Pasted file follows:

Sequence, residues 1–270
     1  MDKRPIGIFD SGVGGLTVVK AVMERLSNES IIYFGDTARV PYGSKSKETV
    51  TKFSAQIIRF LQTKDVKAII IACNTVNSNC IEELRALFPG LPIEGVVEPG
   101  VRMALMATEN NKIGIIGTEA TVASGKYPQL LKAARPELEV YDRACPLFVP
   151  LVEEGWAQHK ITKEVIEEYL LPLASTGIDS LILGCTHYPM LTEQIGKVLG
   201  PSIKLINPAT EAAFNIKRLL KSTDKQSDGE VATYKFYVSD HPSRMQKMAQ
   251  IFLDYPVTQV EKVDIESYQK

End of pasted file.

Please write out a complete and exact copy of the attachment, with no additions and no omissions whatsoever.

Sequence, residues 1–270
     1  MDKRPIGIFD SGVGGLTVVK AVMERLSNES IIYFGDTARV PYGSKSKETV
    51  TKFSAQIIRF LQTKDVKAII IACNTVNSNC IEELRALFPG LPIEGVVEPG
   101  VRMALMATEN NKIGIIGTEA TVASGKYPQL LKAARPELEV YDRACPLFVP
   151  LVEEGWAQHK ITKEVIEEYL LPLASTGIDS LILGCTHYPM LTEQIGKVLG
   201  PSIKLINPAT EAAFNIKRLL KSTDKQSDGE VATYKFYVSD HPSRMQKMAQ
   251  IFLDYPVTQV EKVDIESYQK